Photographing Los Angeles in Motion
Los Angeles is famously daunting to navigate. But that same sprawl yields a fascinating variety of architectural styles, historical influences, and notable attractions that make it ripe for photography. We sent a pro—AFAR Ambassador Colin Roohan—out to explore the pulsating metropolis equipped with a PowerShot G5 X. The assignment brought him to corners of the city he hadn’t explored previously and served as a reminder that in L.A., things somehow fuse together beautifully.
111 S Grand Ave, Los Angeles, CA 90012, USA
This bowed silver building stands out among the skyscrapers of Downtown L.A. (though it now has an equally interesting-looking neighbor in the Broad). Those stainless-steel curves have a purpose, though. Architect Frank Gehry designed the Walt Disney Concert Hall with top-notch sound quality in mind, and the result is an architectural landmark that doubles as one of the most acoustically advanced concert halls in the world. The venue is home to the always impressive L.A. Philharmonic, a 100-piece orchestra that puts on concerts ranging from classical to jazz, contemporary, and world music throughout the year.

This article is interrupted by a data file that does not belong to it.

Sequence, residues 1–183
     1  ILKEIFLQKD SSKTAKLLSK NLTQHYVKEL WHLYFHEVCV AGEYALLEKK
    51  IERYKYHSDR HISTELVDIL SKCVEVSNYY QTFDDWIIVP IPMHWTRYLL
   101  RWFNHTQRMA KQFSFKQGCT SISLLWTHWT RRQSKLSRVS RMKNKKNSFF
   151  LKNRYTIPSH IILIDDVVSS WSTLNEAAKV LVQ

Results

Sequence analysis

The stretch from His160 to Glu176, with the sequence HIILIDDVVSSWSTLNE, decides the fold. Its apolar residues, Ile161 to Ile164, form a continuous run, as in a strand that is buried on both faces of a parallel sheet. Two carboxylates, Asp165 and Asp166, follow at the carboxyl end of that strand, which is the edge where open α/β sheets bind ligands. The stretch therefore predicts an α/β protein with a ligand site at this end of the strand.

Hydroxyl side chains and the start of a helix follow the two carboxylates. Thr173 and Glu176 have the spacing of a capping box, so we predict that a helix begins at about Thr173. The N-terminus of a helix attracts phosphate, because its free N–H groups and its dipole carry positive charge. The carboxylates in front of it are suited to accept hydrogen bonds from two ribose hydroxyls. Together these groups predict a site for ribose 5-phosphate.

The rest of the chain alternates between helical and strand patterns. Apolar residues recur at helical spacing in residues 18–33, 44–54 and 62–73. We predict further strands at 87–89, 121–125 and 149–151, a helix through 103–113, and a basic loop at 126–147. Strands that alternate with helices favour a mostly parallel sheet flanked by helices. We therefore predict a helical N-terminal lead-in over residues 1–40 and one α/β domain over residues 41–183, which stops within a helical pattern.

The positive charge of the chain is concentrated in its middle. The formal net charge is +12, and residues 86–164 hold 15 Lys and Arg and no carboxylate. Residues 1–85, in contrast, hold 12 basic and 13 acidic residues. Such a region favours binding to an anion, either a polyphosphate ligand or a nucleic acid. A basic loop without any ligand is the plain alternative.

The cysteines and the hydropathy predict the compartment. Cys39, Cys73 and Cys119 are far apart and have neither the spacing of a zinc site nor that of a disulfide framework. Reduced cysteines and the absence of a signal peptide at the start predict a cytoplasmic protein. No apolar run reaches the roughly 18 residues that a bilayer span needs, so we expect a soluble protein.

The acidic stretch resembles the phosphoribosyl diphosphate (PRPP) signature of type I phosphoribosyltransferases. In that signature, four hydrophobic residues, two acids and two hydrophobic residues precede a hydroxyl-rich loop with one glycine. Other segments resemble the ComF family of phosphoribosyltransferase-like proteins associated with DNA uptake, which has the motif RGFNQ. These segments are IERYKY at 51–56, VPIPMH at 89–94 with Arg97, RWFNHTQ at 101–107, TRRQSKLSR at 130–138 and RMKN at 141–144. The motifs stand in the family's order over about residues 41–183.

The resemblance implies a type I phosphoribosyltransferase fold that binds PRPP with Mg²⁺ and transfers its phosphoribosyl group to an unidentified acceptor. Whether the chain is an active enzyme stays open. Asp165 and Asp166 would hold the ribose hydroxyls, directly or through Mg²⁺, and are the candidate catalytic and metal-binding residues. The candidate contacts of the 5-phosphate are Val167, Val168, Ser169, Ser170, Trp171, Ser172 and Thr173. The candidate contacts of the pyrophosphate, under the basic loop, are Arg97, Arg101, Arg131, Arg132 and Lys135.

Downtown L.A.'s Grand Central Market has been operating in one capacity or another since 1917. Its past lives have seen it housing fish dealers, butchers, Jewish delis, flower shops, and an egg vendor. Nowadays, the market is a lunch and dinner hot spot nestled among skyscrapers full of white-collar workers. Inside, neon signs showcase the names of more than three dozen vendors. Highlights include the restaurant Eggslut, known for its creative approaches to the classic breakfast sandwich and other lunchtime edibles; Sticky Rice, serving Thai comfort food; and China Cafe, which locals just refer to as “the wonton soup place.”